Jungle Fever (1991)
Average Rating: 7/10
Reviews Counted: 35
Fresh: 30 | Rotten: 5
No consensus yet.
Average Rating: 6.8/10
Critic Reviews: 9
Fresh: 8 | Rotten: 1
No consensus yet.
Average Rating: 3.3/5
User Ratings: 15,023
Spike Lee defines "jungle fever" as sexual attraction between members of two races. In his film Jungle Fever, he examines the repercussions of an interracial affair upon two very distinct communities. Wesley Snipes is Flipper, a happily married and successful architect, and Annabella Sciorra is Angie, an office temp. When she starts working in Flipper's Manhattan office, one day they look at each other and are soon having sex over a blueprint-strewn desk. Their liaison causes an explosion on
Jun 7, 1991 Wide
May 15, 2001
MCA Universal Home Video
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Lee tackles the subject of interracial romance from the unavoidable vantage point that, while things today are more open, they are also considerably more volatile and complex.
There are so many voices you may think you're swimming through a maelstrom, but thanks to Lee it's all superbly orchestrated.
Instead of showing how prejudice seeps into the private intimacies of daily life, the film turns its attention to the other characters.
Jungle Fever is not to be underestimated or ignored.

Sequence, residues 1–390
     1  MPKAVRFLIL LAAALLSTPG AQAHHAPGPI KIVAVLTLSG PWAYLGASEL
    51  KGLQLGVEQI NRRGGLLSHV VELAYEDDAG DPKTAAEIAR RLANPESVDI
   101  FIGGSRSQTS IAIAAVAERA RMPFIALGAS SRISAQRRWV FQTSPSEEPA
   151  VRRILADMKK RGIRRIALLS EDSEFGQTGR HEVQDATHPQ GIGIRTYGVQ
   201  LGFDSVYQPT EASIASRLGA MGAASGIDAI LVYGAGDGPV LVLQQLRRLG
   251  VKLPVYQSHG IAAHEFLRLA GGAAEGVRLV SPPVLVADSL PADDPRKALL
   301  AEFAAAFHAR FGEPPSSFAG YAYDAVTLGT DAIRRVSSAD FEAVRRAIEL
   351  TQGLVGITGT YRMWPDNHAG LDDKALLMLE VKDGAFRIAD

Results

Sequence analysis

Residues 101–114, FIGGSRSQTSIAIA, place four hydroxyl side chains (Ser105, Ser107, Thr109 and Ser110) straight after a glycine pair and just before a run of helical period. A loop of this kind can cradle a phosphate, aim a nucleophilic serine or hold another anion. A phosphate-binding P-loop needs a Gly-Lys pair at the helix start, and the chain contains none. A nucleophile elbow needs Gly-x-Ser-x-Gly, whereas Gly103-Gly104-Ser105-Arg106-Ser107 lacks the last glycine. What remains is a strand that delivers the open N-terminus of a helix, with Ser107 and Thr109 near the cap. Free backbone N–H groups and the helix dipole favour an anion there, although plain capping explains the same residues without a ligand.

Brilliant when it examines the people who surround his feverish couple, but uncertain when it comes to the lovers themselves.
A thematic follow up to Do the Right Thing, this is a powerful melodrama about the fatal and fateful effects of interracial romance.
Lee brings a shotgun to a knife fight, but his visual energy is undeniably effective, spraying the screen with venom and appalling realities, with most of the feature locked in confessional mode.
Includes a number of memorable set pieces, most notably a visit to a crack den which, accompanied by the epic sound of Stevie Wonder's "Living In The City," is simply unforgettable.
It's uneven, but its best moments -- such as Samuel L Jackson's performance -- are amongst Lee's finest achievements on film.
Though Wesley Snipes and Annabella Sciorra perform well, the script provides no deeper motivations or meanings for their relationship. Situations around them prove more interesting and dynamic.
Spike Lee's blunt and flippant look at forbidden interracial romance set against an urban backdrop of ethnic cynicism. Nobody knows how to examine the hostility of race relations in the movies so effectively such as the brash Lee. Jungle Fever is confront
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